Some of the contributors for Hollywood Jesus have been reviewing classic Christmas movies leading up to the holiday. I am not sure how well the Chronicles of Narnia movies are regarded as classics, but they were all released this time of year, and the first movie (and even more so the book) definitely has Christmas themes.
C. S. Lewis has been criticized for including the seemingly anachronistic Father Christmas in The Lion, the Witch, and the Wardrobe. The critics include HJ writers, back when Hollywood Jesus had a different look. (See The Lion, the Witch and the Wardrobe.) Father Christmas seems out of place in Narnia since there is no birth of Jesus Christ to celebrate there.
Although such criticism certainly can be justified on one level, I think Lewis knew exactly what he was doing when he included the Anglican version of Saint Nicolas in the story, and I am glad the filmmakers decided to leave him in. Lewis, I believe, was attempting to combine the pagan, secular, and Christian aspects of the season. Even in Lewis’ day, the culture was fast becoming non-religious. However, many in the west who do not practice Christianity or other religions still make room for a Santa Claus figure, so there is an immediate recognition of what it would be like to have continual winter without the late-December celebration.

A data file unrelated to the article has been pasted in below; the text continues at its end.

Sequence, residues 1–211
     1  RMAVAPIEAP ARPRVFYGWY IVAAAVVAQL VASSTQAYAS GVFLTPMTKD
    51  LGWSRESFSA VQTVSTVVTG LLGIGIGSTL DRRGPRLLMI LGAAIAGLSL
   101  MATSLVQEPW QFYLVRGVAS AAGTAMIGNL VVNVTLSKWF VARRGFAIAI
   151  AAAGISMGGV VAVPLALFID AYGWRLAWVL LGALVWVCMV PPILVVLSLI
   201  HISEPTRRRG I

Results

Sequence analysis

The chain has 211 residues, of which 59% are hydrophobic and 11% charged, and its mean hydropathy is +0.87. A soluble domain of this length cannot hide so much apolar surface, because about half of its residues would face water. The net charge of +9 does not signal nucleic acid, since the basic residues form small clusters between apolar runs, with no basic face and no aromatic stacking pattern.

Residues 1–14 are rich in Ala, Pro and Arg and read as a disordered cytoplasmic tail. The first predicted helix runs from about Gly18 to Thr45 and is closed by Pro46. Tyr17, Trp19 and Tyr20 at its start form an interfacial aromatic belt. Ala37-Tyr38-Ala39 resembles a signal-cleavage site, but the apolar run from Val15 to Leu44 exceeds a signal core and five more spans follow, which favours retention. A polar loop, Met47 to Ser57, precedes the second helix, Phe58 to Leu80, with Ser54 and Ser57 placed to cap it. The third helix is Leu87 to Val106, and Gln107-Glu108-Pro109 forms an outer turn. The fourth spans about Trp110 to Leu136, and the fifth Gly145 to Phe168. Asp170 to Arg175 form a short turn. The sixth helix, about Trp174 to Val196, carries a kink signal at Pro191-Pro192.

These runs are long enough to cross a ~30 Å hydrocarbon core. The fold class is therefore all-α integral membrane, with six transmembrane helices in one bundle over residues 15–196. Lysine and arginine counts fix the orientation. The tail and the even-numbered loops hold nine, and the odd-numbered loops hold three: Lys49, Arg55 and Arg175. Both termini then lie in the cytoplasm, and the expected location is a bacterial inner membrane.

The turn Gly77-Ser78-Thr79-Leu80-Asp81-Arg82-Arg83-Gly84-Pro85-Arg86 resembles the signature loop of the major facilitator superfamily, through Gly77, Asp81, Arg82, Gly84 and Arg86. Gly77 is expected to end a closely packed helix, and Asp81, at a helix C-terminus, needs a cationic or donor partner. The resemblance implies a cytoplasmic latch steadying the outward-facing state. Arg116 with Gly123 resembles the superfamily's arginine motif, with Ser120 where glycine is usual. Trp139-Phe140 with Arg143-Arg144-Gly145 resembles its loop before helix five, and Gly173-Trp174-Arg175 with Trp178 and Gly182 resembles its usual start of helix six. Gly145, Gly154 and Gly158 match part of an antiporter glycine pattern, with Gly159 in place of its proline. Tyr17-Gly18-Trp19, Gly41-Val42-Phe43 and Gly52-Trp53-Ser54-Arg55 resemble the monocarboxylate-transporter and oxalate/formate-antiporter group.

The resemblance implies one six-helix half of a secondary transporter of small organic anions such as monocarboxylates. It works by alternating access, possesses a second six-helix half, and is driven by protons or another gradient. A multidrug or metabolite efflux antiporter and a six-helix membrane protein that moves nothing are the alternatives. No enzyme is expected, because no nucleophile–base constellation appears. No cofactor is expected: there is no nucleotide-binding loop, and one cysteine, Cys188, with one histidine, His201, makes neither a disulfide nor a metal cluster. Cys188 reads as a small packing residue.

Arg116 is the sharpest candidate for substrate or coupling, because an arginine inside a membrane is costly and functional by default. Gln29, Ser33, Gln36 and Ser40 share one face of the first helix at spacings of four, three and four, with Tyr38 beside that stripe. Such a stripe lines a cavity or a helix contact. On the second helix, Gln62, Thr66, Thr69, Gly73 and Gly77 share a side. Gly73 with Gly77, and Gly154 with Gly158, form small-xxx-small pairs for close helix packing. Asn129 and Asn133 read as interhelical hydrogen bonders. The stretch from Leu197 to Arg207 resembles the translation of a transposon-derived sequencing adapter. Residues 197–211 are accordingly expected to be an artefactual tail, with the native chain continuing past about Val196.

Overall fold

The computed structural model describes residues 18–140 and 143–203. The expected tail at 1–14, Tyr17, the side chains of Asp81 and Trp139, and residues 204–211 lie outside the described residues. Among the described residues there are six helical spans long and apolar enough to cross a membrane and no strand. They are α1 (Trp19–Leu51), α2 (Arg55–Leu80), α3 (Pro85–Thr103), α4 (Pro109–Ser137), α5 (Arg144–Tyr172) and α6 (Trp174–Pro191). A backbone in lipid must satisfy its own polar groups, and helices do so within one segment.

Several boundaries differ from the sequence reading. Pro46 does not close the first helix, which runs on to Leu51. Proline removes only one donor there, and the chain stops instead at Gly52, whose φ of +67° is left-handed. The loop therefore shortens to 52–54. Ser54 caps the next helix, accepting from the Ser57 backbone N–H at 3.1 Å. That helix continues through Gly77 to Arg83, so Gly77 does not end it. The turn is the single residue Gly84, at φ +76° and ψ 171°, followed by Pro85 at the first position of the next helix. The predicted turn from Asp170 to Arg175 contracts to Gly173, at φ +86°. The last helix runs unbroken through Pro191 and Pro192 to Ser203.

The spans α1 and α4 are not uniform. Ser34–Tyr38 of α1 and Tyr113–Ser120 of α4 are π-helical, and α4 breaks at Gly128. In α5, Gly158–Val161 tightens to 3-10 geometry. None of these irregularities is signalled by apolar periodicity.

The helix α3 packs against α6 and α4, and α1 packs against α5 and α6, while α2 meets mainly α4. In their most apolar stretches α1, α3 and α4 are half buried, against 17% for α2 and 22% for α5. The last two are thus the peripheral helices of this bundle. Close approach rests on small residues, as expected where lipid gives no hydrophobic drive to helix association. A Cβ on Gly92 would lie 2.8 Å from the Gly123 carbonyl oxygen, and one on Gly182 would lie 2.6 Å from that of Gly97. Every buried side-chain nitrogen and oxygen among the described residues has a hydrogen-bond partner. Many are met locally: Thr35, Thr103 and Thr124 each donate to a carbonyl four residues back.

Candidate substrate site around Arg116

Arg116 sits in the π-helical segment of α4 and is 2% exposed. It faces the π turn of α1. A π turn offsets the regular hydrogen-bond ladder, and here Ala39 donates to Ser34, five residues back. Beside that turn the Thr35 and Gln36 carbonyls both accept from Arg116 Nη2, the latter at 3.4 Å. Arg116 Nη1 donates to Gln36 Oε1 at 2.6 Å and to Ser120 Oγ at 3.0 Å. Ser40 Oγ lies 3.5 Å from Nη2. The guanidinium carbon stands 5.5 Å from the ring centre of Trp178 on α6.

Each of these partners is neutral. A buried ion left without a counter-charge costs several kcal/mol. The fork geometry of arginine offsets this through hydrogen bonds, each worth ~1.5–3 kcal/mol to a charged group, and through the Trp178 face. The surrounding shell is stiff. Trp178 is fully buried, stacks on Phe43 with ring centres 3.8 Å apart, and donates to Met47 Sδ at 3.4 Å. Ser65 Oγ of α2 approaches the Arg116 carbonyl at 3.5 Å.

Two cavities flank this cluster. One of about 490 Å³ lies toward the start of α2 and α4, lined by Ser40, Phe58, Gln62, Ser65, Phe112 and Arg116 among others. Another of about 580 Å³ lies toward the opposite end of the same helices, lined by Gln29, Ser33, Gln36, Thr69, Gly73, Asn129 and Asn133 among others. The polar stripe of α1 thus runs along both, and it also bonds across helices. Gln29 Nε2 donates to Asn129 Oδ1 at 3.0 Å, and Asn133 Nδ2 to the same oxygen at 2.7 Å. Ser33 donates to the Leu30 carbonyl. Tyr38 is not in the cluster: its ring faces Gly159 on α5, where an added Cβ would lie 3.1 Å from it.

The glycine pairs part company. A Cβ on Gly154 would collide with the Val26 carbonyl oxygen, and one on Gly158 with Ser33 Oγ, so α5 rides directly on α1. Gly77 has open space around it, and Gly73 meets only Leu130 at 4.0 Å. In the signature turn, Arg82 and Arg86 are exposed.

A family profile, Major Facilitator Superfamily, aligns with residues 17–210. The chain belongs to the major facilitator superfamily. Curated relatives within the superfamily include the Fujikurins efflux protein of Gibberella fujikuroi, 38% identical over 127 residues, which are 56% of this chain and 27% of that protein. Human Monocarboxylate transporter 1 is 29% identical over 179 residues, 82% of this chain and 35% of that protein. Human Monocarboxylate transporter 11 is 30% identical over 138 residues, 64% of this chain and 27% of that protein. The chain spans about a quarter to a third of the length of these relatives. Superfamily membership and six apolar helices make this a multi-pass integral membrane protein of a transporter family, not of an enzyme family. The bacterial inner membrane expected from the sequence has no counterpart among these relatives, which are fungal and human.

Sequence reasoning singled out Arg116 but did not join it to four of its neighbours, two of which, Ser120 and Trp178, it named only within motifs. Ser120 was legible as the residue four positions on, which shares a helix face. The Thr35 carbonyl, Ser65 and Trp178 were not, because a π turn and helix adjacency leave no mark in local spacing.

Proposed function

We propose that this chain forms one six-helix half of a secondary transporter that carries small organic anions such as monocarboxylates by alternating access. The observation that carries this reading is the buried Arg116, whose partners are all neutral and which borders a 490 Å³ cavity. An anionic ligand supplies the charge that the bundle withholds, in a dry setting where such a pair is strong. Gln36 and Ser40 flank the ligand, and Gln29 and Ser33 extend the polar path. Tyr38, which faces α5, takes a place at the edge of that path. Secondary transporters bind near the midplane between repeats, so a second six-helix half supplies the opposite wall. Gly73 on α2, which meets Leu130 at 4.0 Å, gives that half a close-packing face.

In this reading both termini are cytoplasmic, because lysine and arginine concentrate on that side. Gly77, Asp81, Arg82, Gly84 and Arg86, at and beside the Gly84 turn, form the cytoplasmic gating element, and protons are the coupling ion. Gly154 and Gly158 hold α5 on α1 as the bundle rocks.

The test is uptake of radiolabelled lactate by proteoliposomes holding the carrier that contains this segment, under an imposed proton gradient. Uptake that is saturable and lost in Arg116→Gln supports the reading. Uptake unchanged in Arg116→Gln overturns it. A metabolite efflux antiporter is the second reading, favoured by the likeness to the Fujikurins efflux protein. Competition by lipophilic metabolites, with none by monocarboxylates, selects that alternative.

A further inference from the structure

Lewis also understood the pagan background of many of the traditions adopted by Christianity. The ancient celebration of Solstice, when the sun was sinking to its lowest, was a celebration of the return of the sun and the promise of renewed life to come. Although there may be other good reasons to choose December 25 for the celebration of the birth of Christ, rebirth through the coming of the Savior certainly fits the theme of the rebirth of the earth and the coming of spring. The arrival of Aslan in Narnia at the time of the appearance of Father Christmas, and the coming of spring as a result, certainly indicate what Lewis was trying to do—not to mention the death and resurrection of Aslan in the early spring.
I don’t know if watching the Narnia films will ever become as much of a tradition as watching It’s a Wonderful Life or Miracle on 34th Street, but there is certainly good reason to associate The Lion, the Witch, and the Wardrobe with Christmas. It’s worth considering this holiday season.